Kafka on the Shore is my second read, or should I say Audible, from Haruki Murakami and it didn’t disappoint. I’m two books in, reading a genre I never thought I’d be interested in, and feel like I’ve fallen down the rabbit hole.
My intro to Murakami happened in the summer of 2020 while listening to 1Q84, a forty-six hour epic. Twelve hours in, I loved it, but I was beginning to doubt I had the will to see it through to the end.
Then, the same morning I was considering throwing in the towel, I came across this quote on Linkedin.
“And once the storm is over, you won’t remember how you made it through, how you managed to survive. You won’t even be sure, whether the storm is really over. But one thing is certain. When you come out of the storm, you won’t be the same person who walked in. That’s what this storm’s all about.”Haruki Murakami – Kafka on the Shore
By the time it was finished 1Q84 it was safe to say that I didn’t want the storm to be over, so I decided what better book to read next, then the book that inspired my push to the end, Kafka on the Shore.
In Kafka, Murakami focuses on the story of his two main characters. A boy, Kafka Tamura, who runs away from home to a seaside town in search of his mother and sister. And the parallel story of an elderly, mentally impaired man, Nakata, who is pulled by an unknown force, to that same seaside town.
Similar to 1Q84, Kafka makes use of elements of sci-fi, the fantastical, and alternate realities, all without being over the top. Instead, Murakami uses these tools to explore the nature of the self, the forces that drive us, and the power of love in shaping who we are.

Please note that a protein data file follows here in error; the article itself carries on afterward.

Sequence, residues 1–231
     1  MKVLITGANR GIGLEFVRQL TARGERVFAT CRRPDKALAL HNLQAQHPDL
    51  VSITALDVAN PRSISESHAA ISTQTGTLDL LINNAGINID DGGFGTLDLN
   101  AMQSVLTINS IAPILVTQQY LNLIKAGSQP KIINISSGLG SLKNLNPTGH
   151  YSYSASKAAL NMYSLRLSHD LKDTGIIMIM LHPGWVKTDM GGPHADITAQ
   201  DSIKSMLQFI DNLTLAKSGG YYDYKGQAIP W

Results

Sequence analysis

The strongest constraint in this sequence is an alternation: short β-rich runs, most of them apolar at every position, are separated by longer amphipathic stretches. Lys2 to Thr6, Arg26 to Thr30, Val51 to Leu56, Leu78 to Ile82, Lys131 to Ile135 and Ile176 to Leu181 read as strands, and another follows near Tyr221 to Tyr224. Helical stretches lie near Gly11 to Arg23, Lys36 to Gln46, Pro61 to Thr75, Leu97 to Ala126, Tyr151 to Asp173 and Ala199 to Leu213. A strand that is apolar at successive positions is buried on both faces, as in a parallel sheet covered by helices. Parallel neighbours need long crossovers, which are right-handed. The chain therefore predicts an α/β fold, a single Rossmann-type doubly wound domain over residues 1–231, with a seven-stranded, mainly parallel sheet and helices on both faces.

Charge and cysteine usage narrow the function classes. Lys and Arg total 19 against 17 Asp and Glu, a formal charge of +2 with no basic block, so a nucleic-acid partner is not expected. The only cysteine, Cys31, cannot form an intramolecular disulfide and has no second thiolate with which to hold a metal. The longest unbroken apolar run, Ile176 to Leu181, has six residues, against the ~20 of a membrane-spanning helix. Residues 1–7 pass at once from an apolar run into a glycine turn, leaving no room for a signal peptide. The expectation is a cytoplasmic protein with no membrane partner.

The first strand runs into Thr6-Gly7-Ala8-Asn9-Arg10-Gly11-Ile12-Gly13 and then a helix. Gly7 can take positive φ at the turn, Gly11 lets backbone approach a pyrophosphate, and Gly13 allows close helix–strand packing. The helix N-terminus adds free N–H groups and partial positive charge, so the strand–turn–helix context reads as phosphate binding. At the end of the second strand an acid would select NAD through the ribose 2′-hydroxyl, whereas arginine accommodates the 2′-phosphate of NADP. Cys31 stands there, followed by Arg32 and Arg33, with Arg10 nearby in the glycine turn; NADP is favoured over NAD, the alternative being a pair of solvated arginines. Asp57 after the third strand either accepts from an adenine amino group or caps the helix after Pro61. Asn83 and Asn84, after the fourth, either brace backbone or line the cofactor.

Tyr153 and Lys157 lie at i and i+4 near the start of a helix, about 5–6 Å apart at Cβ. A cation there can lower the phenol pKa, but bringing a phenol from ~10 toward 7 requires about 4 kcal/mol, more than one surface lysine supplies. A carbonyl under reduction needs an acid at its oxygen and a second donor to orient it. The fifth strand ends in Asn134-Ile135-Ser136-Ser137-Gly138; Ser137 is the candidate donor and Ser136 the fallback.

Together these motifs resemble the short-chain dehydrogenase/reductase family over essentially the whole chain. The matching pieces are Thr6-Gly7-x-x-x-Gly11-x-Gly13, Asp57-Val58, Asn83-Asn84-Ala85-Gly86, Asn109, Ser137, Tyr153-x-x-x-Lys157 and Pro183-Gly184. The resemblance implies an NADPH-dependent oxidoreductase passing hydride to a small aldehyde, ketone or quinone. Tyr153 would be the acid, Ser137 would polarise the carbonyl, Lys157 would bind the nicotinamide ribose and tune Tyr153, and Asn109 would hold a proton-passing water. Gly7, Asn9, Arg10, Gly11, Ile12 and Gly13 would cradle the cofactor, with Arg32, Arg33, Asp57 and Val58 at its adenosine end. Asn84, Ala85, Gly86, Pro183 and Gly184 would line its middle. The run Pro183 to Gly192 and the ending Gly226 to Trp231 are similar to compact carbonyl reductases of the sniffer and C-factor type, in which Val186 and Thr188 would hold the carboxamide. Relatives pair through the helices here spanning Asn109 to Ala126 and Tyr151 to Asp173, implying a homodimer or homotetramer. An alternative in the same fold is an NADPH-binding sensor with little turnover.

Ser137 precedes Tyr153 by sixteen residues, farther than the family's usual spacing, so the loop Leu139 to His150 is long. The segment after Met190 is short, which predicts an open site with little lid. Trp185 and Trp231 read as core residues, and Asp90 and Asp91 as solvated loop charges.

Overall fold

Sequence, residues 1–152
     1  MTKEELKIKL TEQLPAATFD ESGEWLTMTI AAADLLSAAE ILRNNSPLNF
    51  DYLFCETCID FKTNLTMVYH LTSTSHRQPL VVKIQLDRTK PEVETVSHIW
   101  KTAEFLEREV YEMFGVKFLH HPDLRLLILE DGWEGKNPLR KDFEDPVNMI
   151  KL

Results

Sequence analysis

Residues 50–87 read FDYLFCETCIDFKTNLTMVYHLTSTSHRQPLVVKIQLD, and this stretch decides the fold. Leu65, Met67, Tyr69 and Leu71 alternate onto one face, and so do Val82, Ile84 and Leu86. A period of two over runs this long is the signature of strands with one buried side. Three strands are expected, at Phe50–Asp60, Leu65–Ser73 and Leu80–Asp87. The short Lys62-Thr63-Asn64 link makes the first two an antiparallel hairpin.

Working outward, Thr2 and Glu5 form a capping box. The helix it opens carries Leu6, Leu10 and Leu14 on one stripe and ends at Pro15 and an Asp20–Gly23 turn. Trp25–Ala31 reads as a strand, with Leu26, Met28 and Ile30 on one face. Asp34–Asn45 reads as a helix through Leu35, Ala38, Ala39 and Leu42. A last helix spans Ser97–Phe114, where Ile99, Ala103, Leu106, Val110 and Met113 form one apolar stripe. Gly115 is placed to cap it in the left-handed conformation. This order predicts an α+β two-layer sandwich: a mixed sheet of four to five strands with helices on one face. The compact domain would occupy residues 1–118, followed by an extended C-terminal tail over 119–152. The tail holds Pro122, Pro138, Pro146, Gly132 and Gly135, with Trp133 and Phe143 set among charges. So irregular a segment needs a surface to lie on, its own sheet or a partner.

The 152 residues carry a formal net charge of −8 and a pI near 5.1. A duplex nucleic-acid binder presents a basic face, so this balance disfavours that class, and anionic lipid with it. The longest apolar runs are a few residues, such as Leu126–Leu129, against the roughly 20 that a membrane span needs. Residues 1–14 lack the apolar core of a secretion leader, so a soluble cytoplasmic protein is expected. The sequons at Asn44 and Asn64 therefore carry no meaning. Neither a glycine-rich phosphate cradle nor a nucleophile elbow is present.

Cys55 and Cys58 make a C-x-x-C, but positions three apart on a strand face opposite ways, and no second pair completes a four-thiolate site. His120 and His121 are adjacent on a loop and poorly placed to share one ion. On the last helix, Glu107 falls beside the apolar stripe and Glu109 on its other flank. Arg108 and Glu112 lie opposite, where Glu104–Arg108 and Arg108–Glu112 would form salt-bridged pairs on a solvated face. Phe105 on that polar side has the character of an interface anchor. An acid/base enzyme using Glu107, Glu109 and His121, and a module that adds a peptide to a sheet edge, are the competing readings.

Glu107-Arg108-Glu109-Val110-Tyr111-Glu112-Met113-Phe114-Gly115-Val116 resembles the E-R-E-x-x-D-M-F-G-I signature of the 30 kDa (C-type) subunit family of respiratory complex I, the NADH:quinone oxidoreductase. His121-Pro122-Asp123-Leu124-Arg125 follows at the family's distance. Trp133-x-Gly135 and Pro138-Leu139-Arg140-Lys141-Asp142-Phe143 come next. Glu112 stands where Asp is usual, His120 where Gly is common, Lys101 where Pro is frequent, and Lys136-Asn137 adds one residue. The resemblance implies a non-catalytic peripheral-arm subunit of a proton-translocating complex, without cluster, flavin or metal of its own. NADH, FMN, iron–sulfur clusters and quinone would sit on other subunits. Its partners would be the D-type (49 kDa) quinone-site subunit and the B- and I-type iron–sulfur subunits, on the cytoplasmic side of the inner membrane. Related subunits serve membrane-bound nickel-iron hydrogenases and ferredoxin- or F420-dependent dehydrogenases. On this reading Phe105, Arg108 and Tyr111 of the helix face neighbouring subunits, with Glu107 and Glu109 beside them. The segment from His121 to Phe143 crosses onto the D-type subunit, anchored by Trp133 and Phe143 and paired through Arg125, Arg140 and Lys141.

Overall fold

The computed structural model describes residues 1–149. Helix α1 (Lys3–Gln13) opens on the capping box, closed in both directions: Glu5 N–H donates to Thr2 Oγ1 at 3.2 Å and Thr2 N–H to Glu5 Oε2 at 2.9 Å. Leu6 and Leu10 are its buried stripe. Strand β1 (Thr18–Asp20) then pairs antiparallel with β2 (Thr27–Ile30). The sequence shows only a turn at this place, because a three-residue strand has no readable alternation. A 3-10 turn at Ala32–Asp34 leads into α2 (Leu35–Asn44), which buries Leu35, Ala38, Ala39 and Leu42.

Also like, 1Q84, I left with questions, that based on the following interview with Murakami have no real answers.
Kafka on the Shore contains several riddles, but there aren’t any solutions provided. Instead, several of these riddles combine, and through their interaction, the possibility of a solution takes shape. And the form this solution takes will be different for each reader. To put it another way, the riddles function as part of the solution. It’s hard to explain, but that’s the kind of novel I set out to write.Haruki Murakami – Questions for Murakami about Kafka on the Shore
It is safe to say that Murakami is now my favourite author, even though his stories fall well oustide my typical genre.
He is a beautiful writer that draws you into his stories by combining incredible depth of character, and great stories that make you feel like you’re there. I would say that the only writer I’ve read that possesses the same abilities to develop characters and draw you in would be Stephen King, especially his early works like IT.
I think it’s best to wrap this up with one last quote,
“If you remember me, then I don’t care if everyone else forgets.”Haruki Murakami – Kafka on the Shore